Who’s being punished here?

Ian Huntley tries yet again to do away with himself but the powers that be rose to the occasion and brought him back to the land of the living. This is the third time the bloke has tried suicide – or is it the fourth? I have lost count. Frankly, I don’t care. He killed two innocent girls and is yet to pay for his sins. While we, the illustrious tax payers, are paying to keep him live and kicking – as well as footing the bill to keep his side-kick safe and sound in a hidden location.

This galls me.

Why are we striving so hard to keep such people in good health? Every day, we pay huge sums to keep murders, rapists and other assorted folks of similar ilk, fed, clothed and sheltered. Some of them get out in due course, only to wreck more havoc on us, while others, like Ian, try to take the easy way out. Either way, it is us who pay for their sins.

Who’s the punishment for then? Ones that harmed – or, us, the long-suffering public?

3 Comments so far

  1. mark (unregistered) on September 6th, 2006 @ 12:23 pm

    The question is what is justice?

    Do we have a process that is observable and understood to be fair and proper (for the most part) and follow that in the punishment of people we deem to be criminals OR do we allow summary justice whereby prison guards, doctors, policemen or anyone who feels like it can dispense “justice” as they see fit? and what if You where on the wrong side of that?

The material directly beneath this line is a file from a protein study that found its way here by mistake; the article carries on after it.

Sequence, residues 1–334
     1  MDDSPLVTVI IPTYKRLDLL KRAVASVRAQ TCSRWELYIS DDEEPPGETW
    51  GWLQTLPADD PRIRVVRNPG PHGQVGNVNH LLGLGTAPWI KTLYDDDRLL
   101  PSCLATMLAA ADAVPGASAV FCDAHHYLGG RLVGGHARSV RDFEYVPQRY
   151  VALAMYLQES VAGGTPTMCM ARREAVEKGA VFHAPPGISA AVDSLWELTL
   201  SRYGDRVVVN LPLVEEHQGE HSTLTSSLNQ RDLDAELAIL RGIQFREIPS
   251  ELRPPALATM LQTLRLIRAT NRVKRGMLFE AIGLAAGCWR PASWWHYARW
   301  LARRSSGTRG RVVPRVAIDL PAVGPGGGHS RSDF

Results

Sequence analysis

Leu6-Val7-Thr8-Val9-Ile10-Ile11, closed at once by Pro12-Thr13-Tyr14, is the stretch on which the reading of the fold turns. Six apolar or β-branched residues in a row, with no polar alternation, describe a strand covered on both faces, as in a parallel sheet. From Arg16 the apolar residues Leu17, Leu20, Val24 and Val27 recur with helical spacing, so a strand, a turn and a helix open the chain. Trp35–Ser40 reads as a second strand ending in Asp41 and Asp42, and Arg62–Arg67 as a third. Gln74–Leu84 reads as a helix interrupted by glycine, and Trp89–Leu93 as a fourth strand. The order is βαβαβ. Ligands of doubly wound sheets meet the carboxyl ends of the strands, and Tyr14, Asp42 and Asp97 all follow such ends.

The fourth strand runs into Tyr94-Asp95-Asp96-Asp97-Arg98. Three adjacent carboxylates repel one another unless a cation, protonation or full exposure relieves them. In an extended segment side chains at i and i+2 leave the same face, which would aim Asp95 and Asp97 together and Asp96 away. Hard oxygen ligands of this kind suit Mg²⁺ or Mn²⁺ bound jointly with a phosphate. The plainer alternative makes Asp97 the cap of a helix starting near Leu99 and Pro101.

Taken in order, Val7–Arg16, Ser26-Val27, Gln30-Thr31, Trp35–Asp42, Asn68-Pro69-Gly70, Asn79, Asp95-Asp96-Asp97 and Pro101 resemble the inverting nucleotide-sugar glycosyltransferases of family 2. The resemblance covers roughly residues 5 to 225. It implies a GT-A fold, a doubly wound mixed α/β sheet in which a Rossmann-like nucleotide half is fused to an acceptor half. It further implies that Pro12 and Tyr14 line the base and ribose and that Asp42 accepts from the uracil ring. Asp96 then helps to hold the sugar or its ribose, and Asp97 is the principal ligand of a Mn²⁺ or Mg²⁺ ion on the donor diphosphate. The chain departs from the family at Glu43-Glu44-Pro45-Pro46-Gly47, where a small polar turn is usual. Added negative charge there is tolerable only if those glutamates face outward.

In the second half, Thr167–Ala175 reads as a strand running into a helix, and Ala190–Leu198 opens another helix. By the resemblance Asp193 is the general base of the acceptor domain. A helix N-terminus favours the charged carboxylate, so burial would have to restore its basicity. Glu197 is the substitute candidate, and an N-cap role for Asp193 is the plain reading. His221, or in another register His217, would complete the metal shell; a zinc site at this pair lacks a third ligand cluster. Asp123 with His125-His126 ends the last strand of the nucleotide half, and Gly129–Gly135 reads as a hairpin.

It is easy to say that in this case that he is clearly guilty but who is to say that he should die? You might see death as being a punishment but to me that seems like an easy way out – the guy did a great wrong and should in my eyes serve his sentence.


  2. Sean (unregistered) on September 8th, 2006 @ 2:55 pm

    “Why are we striving so hard to keep such people in good health?”

    The same could be said about Pete Doherty who seems to be coated in inch thick teflon and nothing sticks to the guy. He is practically immune.


  3. Flora (unregistered) on September 13th, 2006 @ 5:47 pm

    Thanks, Mark, for your excellent comment.

    “Why are we striving so hard to keep such people in good health?”

    We do it not for the criminals, but for ourselves, and for the society that we aspire to create.

    If we leave criminals to suffer, starve, or die, it reflects far worse on us.

    Huntley is an extreme example, but where would you draw the line of which criminals qualify for medical care, food and housing?



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